In the midst of the movie wasteland that is February and March comes a movie that has already set a weekend box office record– the Hunger Games. Based (reasonably faithfully) on the novel of the same name you can see that Gary Ross and his team were thinking big from the start as there are various A listers playing smaller roles in this movie (Donald Sutherland as the President, Woody Harrelson as the guide for the tributes from District 12). But the real star of this movie is indie film favorite Jennifer Lawrence playing Katniss Everdeen, a sort of female last of the Mohicans.
I must tell you that I was predisposed to like this film from the start as it was entirely filmed in my favorite part of my home state— N.C. namely the beautiful mountains and foothills of the state, and also in Charlotte my second home town. Here is what can be said about the venues—
“It was filmed entirely in North Carolina, from the mountains, where fake trees were planted, filled with propane and blown up, to Charlotte, which served as the Capitol from the story — the seat of power where the teens are sent for training. Also prominently featured in the movie is the Henry River Mill Village near Hildebran, about 70 miles from Asheville, which was the setting for District 12, home of the three main characters, Katniss, Peeta and Gale.”
So what should we think of this post-World War, totalitarian vision of the future where games are used to keep the masses under control, and youth are sacrificed in contests that are rather like a mixture of ‘the Amazing Race’ ‘the Most Dangerous Game’ and bits and pieces of the movie ‘Gladiator’?
Firstly, the scenery is grand (You knew I was going to say that). Secondly the A list actors in the movie are very good (especially Woody Harrelson). I wish I could say as much for the younger batch. I am afraid Mr. Ross decided to try to tap into the appeal of the Twilight schlock instead of choosing some young A list actors and actresses (see for example the young lady who played Skeeter in The Help if you want someone with actual spunk). Mostly what we get is eye candy, though Jennifer Lawrence isn’t terrible. She is just rather bland and monotone.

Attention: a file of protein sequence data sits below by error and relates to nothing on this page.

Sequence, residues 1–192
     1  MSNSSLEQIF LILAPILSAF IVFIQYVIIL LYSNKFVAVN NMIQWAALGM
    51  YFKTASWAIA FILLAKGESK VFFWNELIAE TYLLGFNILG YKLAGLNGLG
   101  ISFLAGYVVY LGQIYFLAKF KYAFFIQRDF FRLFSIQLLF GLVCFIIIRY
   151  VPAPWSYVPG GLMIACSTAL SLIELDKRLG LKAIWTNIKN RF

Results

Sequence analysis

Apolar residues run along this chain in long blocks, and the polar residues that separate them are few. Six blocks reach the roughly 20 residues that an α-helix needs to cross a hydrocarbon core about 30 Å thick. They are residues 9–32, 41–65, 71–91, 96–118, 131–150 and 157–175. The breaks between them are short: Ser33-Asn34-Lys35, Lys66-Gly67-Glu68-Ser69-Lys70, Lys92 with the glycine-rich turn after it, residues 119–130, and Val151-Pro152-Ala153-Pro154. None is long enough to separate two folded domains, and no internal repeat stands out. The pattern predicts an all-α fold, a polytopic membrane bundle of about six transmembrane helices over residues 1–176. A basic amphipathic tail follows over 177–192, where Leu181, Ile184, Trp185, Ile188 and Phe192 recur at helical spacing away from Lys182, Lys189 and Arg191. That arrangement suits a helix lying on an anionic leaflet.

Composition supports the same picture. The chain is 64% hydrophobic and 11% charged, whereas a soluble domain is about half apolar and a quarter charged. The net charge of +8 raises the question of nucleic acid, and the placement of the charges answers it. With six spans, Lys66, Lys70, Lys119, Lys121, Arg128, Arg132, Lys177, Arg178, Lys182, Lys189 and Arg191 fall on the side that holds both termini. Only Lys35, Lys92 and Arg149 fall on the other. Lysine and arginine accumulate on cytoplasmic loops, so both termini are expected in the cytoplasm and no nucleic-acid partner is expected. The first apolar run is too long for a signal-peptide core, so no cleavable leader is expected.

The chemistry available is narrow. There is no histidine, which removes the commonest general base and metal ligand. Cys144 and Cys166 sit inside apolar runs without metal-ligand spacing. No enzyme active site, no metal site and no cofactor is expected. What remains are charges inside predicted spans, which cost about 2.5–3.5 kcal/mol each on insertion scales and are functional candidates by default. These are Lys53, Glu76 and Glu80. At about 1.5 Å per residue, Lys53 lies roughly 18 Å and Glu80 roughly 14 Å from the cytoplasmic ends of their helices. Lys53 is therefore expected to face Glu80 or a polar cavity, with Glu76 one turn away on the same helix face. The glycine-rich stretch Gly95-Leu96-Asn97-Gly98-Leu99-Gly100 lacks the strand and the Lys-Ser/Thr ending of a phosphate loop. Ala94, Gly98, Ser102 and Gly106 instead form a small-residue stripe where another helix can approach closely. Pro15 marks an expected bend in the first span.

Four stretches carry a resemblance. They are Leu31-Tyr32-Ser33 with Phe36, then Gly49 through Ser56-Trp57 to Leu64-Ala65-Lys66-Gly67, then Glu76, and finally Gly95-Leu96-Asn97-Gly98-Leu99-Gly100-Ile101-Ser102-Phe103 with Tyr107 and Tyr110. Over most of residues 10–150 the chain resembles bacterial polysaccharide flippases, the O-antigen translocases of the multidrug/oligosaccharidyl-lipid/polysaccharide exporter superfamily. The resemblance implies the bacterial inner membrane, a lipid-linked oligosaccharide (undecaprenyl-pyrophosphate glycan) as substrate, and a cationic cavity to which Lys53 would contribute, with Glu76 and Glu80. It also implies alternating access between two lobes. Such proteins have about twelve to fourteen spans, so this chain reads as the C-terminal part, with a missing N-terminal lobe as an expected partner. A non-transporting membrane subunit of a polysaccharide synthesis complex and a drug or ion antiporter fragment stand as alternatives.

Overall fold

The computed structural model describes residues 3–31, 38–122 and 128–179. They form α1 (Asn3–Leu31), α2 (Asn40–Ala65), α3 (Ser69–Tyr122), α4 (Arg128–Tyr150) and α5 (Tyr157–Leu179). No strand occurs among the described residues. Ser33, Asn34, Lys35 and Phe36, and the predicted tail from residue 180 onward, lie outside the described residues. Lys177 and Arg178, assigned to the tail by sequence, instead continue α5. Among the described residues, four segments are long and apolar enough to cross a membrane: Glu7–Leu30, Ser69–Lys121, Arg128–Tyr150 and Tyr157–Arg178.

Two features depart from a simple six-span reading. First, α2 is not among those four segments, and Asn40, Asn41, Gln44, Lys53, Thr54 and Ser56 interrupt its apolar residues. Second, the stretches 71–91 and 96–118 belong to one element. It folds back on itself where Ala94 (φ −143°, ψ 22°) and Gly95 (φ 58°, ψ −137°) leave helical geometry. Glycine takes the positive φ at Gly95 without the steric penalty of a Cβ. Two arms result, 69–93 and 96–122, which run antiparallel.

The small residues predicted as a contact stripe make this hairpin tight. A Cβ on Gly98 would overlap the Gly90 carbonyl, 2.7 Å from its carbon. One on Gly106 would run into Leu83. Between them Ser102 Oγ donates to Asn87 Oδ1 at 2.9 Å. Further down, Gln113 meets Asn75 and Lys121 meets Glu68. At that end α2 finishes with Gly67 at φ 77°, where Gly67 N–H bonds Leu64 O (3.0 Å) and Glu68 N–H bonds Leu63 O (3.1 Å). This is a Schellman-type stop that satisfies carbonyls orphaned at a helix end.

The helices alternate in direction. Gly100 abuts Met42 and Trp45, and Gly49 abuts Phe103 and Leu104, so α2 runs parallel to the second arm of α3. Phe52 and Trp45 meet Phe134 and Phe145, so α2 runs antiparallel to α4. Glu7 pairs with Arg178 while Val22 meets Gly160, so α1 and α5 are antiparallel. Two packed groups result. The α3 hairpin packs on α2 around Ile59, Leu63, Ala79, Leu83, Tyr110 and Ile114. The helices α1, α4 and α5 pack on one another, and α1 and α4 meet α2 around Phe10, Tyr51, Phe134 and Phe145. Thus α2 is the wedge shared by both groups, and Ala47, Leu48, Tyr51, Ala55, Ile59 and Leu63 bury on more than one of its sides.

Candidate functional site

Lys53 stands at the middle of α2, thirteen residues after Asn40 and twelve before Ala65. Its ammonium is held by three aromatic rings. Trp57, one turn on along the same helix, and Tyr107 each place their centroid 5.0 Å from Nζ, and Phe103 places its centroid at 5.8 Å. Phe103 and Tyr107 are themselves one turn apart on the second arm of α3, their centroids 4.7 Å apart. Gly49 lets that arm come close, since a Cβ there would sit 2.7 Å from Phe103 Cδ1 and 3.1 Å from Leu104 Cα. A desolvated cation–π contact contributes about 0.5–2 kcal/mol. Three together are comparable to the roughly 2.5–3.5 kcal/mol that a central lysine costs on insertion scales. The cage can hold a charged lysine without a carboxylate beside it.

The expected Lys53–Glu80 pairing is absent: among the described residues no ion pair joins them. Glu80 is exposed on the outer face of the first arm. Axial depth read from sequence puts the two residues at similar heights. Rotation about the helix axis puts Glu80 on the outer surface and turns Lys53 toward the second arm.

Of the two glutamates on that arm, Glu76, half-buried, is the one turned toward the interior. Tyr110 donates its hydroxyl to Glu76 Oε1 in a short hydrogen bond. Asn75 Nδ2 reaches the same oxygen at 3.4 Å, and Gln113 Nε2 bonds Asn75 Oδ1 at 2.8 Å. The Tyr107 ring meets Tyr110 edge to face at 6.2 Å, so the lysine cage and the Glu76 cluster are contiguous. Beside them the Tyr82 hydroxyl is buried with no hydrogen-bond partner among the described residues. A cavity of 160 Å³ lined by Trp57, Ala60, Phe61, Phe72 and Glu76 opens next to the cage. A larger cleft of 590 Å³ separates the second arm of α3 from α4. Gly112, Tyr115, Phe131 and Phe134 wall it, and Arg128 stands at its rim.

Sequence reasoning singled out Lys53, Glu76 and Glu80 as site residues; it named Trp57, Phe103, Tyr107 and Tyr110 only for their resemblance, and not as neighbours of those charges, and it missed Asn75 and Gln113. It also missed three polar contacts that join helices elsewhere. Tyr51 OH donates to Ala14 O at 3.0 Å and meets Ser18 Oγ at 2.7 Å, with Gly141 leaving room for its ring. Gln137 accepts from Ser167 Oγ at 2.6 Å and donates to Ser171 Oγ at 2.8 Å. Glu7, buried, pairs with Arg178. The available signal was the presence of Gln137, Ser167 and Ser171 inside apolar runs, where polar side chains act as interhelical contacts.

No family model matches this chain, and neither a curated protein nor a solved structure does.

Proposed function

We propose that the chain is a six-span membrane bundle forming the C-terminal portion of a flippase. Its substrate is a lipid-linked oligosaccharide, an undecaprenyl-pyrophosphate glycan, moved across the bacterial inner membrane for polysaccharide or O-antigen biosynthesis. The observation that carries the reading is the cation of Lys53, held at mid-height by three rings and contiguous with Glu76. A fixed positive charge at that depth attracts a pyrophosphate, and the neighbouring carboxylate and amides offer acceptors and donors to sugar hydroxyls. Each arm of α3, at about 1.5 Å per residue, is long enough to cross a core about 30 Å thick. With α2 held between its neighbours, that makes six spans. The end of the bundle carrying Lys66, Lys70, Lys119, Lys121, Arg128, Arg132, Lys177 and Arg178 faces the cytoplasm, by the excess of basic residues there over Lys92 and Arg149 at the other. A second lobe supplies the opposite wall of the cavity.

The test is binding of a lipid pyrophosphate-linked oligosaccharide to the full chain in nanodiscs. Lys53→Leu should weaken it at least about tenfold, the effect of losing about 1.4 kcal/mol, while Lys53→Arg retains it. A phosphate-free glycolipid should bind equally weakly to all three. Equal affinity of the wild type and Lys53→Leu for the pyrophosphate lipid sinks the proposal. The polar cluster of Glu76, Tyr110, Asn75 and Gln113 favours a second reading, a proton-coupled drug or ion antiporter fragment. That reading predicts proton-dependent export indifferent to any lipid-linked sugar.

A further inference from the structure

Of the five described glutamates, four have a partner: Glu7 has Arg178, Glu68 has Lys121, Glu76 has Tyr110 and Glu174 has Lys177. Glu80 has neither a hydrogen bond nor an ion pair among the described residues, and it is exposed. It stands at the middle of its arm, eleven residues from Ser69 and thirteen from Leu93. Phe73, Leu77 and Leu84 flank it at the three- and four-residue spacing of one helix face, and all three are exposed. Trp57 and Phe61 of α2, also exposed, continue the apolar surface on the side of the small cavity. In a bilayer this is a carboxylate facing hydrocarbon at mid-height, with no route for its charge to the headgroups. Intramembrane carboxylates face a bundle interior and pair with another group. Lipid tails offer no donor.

Thirdly, the garish costumes of the city dwellers in contrast to the drab attire of those from District 12, the coal mining region, seems way over the top. The city dwellers look like something out of the Beatle’s Yellow Submarine movie, and it’s entirely pointless. It does however give the whole movie a sort of ‘theater of the absurd’ flavor, which may be intended.
If you noticed some allusions to ancient Rome during its Empire and bread and circuses days, you were being attentive. Panem is of course the Latin word for bread, only here its the name of the place, even though the bread theme comes up in several places in the film.
On the positive side of things there is one significant and telling speech in the movie and fortunately it is delivered by Sutherland. He says “the only thing that motivates people more than fear is hope. But too much hope is a dangerous thing. A little hope provides a spark that keeps people going, striving.”
(Spoiler alert– skip the next paragraph if you don’t want to know how things turn out).
He’s right about that– hope springs eternal in the human breast. But this movie really provides very little hope. At the end of the film the District 12 heroes go home, but the totalitarian state and the hunger games go on. And to what end? I suppose we will have to await the second film in the trilogy, since the opening box office was large enough to guarantee a sequel.
In the meantime, if you want real hope don’t look to this ‘human beings can save themselves saga’ for it. It offers mere panem, and circuses, not real apocalyptic hope. Mere lentil soup instead of birthright hope. I will say this, while is is certainly not a classic film, it far outstrips the competition currently in the theaters—- but that’s not saying much at all.